WESTON, Conn. The task of drawing up a master plan for the town-owned Lachat property will be placed in the hands of a seven-member select committee. That's what the Board of Selectmen decided unanimously Thursday following a discussion of community ideas for the property and what next steps the town may take.
Amy Kafala and Ellen McCormick, representing the Friends of Lachat and the towns Sustainability Committee, presented a vision for an organic working farm on the lower portion of the property.
Kafala said a working farm could teach young people in town about sustainable agriculture and a provide a place where the community could get together for cultural events.
Kafala added that the Weston Garden Club could provide landscaping, plant vegetables, restore the apple and blueberry orchards and vineyard and create a pumpkin patch. She also suggested creating a dog park.
She added that there could also be chickens and other livestock for eggs and milk to be sold on the farm.
Kafala said the project could be funded by state grants and donations from Friends of Lachat, which has already raised $78,000 for the proposal.
This could be addressed step by step as it progresses, she said. All of these things could potentially be embraced and bring the community together.
McCormick said a petting zoo could also be included in the plans, noting animals could be rented seasonally.
Mark Harper, the towns animal control officer, took issue with the dog park based on what he has seen in other towns such as Westport.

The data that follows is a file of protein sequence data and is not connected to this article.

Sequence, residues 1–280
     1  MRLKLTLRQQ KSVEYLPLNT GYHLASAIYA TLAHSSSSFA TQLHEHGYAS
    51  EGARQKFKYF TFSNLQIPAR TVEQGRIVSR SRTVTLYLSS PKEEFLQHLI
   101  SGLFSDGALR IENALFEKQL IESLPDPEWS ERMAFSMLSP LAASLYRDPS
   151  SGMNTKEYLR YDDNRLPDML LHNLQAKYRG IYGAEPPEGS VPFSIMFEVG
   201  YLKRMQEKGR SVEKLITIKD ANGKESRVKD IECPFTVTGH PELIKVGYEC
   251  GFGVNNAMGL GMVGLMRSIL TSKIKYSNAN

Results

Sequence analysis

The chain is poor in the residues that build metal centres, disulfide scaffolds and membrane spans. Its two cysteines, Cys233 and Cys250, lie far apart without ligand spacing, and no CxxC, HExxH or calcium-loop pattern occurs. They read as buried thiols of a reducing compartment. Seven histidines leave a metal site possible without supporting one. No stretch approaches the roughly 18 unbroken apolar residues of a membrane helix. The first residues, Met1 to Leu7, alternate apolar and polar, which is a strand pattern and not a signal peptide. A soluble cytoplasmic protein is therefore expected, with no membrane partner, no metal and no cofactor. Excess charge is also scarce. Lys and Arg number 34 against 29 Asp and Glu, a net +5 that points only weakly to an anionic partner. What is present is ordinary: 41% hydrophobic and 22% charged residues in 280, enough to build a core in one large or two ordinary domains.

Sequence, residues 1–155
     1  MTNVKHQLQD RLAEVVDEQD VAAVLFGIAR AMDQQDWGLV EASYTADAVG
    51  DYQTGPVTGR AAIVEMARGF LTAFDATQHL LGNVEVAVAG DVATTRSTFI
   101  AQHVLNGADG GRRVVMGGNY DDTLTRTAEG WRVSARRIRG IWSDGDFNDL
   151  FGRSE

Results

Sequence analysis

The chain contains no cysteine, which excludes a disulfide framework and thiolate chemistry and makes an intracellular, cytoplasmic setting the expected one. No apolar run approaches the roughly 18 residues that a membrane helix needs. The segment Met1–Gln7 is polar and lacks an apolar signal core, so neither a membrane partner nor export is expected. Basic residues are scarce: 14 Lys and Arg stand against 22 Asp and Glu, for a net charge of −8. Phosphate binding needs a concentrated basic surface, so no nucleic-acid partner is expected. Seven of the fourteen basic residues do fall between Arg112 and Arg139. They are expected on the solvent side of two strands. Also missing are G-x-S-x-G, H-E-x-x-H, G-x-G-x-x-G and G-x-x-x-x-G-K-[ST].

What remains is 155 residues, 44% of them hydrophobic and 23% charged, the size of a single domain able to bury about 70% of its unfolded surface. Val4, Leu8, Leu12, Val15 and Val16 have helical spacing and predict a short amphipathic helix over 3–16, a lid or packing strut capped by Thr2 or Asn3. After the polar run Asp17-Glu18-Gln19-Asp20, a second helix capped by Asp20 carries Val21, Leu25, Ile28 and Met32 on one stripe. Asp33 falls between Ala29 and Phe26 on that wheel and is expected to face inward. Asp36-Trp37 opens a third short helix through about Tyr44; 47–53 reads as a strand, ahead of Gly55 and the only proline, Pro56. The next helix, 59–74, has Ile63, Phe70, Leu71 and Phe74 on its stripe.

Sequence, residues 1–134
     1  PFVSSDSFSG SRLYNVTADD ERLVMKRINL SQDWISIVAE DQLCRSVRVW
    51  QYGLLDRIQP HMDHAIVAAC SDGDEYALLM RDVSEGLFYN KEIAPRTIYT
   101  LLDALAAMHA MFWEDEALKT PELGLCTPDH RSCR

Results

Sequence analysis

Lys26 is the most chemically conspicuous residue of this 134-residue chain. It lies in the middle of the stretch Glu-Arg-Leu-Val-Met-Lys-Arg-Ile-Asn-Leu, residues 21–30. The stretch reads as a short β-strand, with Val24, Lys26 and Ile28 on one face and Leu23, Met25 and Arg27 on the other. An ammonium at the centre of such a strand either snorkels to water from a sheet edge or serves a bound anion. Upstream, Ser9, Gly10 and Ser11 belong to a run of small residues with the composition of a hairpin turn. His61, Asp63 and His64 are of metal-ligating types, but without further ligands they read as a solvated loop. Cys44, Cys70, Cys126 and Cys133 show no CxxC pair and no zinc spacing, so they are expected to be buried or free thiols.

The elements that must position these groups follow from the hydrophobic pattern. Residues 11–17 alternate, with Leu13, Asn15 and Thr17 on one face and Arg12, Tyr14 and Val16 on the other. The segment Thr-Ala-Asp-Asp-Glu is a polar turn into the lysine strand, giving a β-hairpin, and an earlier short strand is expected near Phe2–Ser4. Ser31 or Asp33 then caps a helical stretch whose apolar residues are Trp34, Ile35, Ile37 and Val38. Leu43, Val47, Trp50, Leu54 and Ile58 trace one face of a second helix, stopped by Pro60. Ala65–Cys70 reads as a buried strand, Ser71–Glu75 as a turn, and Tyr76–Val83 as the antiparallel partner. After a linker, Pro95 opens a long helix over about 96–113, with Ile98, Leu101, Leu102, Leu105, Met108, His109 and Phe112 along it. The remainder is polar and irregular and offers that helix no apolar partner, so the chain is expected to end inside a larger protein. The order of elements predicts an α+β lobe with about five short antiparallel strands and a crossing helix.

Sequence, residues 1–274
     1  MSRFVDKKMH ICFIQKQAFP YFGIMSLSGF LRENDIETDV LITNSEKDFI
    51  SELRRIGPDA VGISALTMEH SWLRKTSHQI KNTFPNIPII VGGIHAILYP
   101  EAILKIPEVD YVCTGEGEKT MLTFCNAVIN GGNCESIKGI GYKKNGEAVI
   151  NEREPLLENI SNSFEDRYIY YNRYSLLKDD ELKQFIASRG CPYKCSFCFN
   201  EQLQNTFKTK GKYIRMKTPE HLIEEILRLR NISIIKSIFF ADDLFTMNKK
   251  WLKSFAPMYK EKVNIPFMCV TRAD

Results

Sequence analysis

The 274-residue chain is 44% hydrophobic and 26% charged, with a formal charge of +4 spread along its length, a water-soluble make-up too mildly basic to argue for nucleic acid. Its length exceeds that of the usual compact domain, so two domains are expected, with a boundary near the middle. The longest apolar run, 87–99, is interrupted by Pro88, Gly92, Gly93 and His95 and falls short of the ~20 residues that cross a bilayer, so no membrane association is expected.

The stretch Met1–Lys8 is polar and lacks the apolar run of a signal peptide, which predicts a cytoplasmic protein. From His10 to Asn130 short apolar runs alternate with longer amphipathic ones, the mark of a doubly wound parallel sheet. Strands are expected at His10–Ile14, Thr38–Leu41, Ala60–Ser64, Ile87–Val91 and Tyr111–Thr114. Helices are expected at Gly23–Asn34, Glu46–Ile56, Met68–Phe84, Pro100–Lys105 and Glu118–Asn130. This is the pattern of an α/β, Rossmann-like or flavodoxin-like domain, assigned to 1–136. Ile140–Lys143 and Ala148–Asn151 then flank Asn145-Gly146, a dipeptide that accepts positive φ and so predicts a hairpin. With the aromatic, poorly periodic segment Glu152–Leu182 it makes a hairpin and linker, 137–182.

His concerns are that dogs carry disease, the liability to the town and that unleashed pets could end up missing in the Devils Den sanctuary. He added the town presently does not have a leash law and would have to pass one.
The dog park would present home, health, safety and policing issues, he said.
Harper said the 20-acre property has not been maintained and would require a controlled burn to restore. He said following maintenance, the public should be invited to look at the property to pique interest in the proposals.
First Selectman Gayle Weinstein said all of the suggestions for the property are very exciting.
Selectman David Glenn Miller agreed that the proposals are wonderful ideas. These are very attractive components, he said.
Carol Baldwin, a member of the Friends of Lachat Farm, and Robert Hatch, an architect, presented an assessment of the farm house. They said the south wall is caving in, requiring structural repairs, with costs in the range of $29,000 to $37,000.
Miller, who made the motion for the committee, agreed, but did not rule out hiring an outside company to manage the project in the future.
We may find a third party will do that better, but not at this point, he said.
Weinstein said a mission statement for the committee would be prepared and addressed at the boards next meeting.
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